with and approval of at least 2/3 of the PDR Holders, meaning Rappler is at the
very least under obligation to consult with Omidyar Network.  The stockholder has become, in effect, subservient
to the holder.  It is neither 100%
control by the Filipino stockholders, nor it is 0% control by the foreign PDR
holders.”11

          Rappler
has violated the constitutional restriction on foreign ownership when it
allowed Omidyar Network to exercise control over it.  Mass Media entities in the Philippines are measured
up against the highest standards and are expected to uphold the Philippine
Constitution.  As they find faults in the
government, they should not be faulted for anything.  This is a credibility issue.

                        

b.  Curtailment of Press Freedom

 

            Saying that the press freedom in the
Philippines was curtailed with one media entity faulted for violating the law
is a little bit stretched.

            The
National Press Club (NPC), the country’s oldest and biggest organization of
active media practitioners has spoken. Paul M Gutierrez, current NPC President
has issued an official statement for and in behalf of NPC:

“In the broader Philippine media industry, Rappler is just one
among the thousands of media entities in the country and whose operations have
remained free.

There are about 436 television broadcast
stations, 411 AM radio stations, over 1,000 FM radio stations and more than 400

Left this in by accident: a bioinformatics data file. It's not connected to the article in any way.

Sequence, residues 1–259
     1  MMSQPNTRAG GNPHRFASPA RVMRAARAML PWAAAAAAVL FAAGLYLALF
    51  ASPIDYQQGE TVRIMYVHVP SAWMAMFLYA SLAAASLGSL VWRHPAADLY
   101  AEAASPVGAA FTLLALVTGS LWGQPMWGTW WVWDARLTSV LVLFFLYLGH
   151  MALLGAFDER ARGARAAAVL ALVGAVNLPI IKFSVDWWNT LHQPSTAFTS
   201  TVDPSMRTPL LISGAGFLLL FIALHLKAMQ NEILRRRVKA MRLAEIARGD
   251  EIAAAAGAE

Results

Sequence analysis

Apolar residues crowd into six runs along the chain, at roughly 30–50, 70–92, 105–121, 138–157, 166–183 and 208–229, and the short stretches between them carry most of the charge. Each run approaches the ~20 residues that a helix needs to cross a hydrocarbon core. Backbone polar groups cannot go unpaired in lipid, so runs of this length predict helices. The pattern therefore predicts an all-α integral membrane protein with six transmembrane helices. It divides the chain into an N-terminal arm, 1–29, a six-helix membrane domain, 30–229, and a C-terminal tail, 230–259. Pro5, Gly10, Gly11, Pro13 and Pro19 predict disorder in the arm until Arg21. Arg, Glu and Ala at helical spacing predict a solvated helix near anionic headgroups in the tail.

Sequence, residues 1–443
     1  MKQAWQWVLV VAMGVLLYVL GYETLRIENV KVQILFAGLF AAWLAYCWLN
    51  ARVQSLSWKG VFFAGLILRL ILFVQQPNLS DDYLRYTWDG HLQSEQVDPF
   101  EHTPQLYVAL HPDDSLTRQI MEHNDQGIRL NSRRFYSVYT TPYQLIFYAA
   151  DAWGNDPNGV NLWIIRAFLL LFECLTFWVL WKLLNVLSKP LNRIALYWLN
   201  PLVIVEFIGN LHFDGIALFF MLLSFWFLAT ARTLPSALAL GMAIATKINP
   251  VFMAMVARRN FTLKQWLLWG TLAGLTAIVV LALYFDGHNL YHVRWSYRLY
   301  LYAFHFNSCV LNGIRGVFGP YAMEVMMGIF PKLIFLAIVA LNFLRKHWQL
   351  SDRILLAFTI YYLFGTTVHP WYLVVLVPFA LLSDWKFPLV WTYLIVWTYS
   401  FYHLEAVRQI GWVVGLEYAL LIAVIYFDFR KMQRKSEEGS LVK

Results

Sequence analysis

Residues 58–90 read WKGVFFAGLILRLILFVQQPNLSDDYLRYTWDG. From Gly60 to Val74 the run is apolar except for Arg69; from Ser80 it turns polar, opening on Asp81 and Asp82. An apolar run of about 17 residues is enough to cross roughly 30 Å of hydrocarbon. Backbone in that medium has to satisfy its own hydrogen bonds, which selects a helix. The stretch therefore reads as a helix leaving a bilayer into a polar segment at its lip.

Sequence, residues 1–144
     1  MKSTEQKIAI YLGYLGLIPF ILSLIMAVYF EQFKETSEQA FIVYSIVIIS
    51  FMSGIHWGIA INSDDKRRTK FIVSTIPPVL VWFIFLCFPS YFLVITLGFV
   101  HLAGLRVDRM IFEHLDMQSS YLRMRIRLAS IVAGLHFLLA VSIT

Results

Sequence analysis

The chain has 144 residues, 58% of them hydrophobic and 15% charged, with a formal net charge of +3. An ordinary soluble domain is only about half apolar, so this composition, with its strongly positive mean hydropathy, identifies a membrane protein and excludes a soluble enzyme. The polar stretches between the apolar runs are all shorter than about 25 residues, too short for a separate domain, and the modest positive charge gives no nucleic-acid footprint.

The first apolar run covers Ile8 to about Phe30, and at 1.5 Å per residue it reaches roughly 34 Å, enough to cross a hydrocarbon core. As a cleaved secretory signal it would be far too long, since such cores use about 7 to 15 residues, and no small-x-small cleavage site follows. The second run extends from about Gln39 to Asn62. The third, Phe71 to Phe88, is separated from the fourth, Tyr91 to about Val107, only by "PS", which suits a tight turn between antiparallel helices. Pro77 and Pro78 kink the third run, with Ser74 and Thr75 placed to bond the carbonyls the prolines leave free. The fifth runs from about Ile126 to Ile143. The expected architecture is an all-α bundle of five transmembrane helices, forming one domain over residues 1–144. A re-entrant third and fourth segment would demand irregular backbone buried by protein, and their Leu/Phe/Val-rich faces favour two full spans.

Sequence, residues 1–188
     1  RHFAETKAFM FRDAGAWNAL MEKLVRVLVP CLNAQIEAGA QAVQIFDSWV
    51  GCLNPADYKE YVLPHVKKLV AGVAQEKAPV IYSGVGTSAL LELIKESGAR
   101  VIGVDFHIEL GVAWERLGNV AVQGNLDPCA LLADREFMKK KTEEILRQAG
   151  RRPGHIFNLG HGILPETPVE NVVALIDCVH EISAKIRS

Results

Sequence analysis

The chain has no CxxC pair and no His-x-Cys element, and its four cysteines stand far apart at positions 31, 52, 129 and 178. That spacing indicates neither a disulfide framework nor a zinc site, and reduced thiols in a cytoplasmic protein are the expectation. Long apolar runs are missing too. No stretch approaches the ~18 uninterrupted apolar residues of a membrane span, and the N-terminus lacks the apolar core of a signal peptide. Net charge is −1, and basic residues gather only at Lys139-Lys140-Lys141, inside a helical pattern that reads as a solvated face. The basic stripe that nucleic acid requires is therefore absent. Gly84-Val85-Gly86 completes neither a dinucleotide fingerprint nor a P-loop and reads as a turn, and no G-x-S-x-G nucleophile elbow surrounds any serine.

newspapers today operating freely in the country besides those that now have
proliferated in social media and whose actual number no one really has any
idea.

“To
say that the fate of one media entity found to have run afoul with the law
translates to media repression in the country is stretching the argument a bit
too much,” 12 

          The exercise
of press freedom in the Philippines in particular, and the freedom of
expression in general have not been threatened nor affected in light of the findings
made by the Securities and Exchange Commission that Rappler has violated the
strict constitutional provision on foreign ownership of mass media and has
decided to close it down.

            Responsible journalism is upholding the
law. This decision of the Securities and Exchange Commission may become a
blessing in disguise as mass media outlets will now have to review how they bring in foreign
investors in a way of policing their own ranks.

c. 
Due Process

 

            The Office of the Solicitor General
(OSG), through Solicitor General Jose Calida, has asked the Securities and